Organization

3 Teacher-Inspired Tricks To Tame Clutter At Home

Smart, efficient, and creative, teachers are master organizers. And while your grade school days may be far behind you, there’s still plenty to be learned from teachers. Here are three of their best classroom clutter-busting secrets that can help you stay organized at home.

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To speed mornings: Bundle in pairs.

Get out the door faster with “intuitive organizing” — that is, pairing two like items, suggests Whitney Rancourt, a third and fourth grade teacher who blogs at MamaManages.com. “In the classroom, I pair scissors with construction paper and pencils with the sharpener.” At home? Place your phone with your wallet, and stash sunglasses near shoes. “Mini zones” are easier to
navigate quickly, so you’re out the door in a flash. Also smart: Every classroom has a calendar. Consider hanging yours by the front door as a cue to grab what you need, like your gym bag for that after-work yoga class, on your way out.

To corral paperwork: Tap the rainbow.

The tool found in almost every grade-school classroom? The rainbow cart, with each drawer a different hue because its built-in color-coding makes organizing so easy. “I loved mine so much, I use one at home,” says Rancourt. “It’s great for sorting bills and mail, plus it rolls, which is handy in tight spaces.” (One to try: Whitmore 10-Drawer Rolling Organizer Cart — Buy from Amazon, $53.) Or simply use colorful folders to contain paper clutter: green for bills; red for social activities; blue for health forms and so on. Organizing visually lets you pinpoint papers without thought. Also smart: Go lidless. “I don’t use lids in class because it’s one more thing to put back,” says Rancourt. “I do this at home, storing items in bins, in a single layer, sans lids — it’s much easier to keep everything in its place.”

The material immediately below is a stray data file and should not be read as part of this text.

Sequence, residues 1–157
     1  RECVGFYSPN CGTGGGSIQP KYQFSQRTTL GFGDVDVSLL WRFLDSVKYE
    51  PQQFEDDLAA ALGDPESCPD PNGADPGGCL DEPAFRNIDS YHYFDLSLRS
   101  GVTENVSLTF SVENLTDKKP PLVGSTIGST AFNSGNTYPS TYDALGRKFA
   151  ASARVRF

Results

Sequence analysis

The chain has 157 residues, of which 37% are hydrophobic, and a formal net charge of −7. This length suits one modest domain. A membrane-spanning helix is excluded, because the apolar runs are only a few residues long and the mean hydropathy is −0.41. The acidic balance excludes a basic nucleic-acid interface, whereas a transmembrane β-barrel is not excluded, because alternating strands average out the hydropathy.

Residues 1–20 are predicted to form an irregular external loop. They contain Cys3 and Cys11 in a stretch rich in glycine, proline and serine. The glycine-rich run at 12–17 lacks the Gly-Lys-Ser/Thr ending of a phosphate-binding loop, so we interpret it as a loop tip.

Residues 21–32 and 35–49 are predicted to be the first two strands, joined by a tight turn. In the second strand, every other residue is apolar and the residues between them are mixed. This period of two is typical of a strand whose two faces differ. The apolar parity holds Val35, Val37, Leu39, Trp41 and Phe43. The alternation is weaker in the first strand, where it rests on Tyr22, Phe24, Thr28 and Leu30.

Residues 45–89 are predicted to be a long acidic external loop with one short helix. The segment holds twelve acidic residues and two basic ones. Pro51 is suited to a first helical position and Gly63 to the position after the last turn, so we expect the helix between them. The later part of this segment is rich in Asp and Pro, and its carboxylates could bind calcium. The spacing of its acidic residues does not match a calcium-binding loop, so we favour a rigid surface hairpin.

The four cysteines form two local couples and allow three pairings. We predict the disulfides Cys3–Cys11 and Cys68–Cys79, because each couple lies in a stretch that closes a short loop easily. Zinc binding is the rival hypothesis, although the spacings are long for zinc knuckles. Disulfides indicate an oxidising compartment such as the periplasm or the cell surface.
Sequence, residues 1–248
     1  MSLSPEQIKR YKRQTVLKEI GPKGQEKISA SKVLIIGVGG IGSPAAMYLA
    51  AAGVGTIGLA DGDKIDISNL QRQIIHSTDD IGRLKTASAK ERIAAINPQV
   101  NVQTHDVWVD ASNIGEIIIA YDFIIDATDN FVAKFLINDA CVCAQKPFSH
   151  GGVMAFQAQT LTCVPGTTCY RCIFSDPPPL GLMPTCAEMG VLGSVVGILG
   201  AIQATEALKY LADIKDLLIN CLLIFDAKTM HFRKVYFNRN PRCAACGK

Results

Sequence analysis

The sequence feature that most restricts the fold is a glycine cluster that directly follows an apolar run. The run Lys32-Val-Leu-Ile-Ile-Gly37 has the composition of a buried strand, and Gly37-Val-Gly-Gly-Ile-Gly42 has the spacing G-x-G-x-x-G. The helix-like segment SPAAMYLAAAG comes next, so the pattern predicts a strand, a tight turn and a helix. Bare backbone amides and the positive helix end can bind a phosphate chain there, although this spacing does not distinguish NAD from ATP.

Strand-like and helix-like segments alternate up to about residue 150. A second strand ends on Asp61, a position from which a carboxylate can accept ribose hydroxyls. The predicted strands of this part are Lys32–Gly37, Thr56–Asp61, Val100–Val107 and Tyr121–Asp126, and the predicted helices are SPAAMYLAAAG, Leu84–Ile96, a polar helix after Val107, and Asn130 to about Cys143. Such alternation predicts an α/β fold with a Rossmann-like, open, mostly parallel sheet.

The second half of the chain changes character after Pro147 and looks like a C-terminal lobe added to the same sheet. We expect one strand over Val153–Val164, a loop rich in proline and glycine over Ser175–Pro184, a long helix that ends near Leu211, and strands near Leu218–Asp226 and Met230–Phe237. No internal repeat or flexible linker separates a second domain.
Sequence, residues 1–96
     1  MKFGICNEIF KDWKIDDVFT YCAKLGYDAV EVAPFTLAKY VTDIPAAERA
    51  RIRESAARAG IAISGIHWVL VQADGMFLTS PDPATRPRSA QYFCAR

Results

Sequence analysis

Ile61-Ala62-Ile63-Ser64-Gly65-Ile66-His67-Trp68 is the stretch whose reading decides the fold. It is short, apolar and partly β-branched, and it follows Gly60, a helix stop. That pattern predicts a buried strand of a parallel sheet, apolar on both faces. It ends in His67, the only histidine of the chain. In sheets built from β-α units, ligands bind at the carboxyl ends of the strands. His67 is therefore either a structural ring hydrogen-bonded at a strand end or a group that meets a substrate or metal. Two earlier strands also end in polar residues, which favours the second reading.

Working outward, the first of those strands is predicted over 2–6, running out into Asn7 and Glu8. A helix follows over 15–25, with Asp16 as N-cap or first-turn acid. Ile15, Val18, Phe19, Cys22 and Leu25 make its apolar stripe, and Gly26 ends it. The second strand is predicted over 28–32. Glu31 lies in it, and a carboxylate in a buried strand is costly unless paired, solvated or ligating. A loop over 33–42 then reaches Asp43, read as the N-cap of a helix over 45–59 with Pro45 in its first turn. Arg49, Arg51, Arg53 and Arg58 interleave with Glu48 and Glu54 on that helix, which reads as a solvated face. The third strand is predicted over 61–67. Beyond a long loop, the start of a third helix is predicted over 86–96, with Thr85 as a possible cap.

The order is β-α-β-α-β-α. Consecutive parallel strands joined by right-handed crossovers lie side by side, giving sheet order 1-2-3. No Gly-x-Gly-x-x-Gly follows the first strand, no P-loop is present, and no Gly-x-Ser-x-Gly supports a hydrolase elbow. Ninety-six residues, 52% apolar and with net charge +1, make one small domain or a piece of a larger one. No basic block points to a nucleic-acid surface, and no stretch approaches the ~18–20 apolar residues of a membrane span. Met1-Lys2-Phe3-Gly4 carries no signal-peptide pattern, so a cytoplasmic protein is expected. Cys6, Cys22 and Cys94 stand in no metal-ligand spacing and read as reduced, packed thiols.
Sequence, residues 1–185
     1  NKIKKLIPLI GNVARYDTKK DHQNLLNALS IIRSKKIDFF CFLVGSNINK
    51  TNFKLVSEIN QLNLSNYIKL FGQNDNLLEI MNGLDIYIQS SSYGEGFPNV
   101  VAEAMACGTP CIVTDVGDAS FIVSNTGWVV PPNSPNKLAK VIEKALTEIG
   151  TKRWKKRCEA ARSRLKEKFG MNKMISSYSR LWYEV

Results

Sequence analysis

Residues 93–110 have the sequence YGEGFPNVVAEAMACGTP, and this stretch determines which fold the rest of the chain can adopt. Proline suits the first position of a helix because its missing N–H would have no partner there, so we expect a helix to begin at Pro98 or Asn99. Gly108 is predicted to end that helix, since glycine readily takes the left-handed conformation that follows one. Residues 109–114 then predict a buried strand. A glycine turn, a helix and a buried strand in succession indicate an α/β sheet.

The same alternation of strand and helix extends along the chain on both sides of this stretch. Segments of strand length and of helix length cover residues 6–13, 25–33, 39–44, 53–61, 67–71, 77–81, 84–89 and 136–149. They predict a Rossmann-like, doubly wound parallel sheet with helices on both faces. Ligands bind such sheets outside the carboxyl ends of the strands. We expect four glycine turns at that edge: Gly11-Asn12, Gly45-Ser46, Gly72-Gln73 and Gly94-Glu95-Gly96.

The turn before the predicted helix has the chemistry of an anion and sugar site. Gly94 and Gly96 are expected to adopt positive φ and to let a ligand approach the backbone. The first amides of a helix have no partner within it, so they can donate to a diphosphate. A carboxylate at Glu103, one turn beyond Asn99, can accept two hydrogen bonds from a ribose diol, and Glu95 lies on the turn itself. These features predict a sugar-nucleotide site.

To declutter fast: Set a timer.

Young or old, no one loves chores. “Teachers make heavy use of timers to keep kids on task, and it’s another trick I use myself when decluttering at home,” says Rancourt. “When you know you’re only committed to 10, 15 or 30 minutes, it’s easy to focus. Plus, you wind up ‘racing’ yourself, so you get more done in that brief window than if you had an unspecified amount of time.” Also smart: Time to-do’s right. Rancourt plans classroom clutter clean-outs before breaks, when her kids are too antsy for schoolwork. For you, this might mean decluttering before an important appointment when you’re feeling a bit restless.

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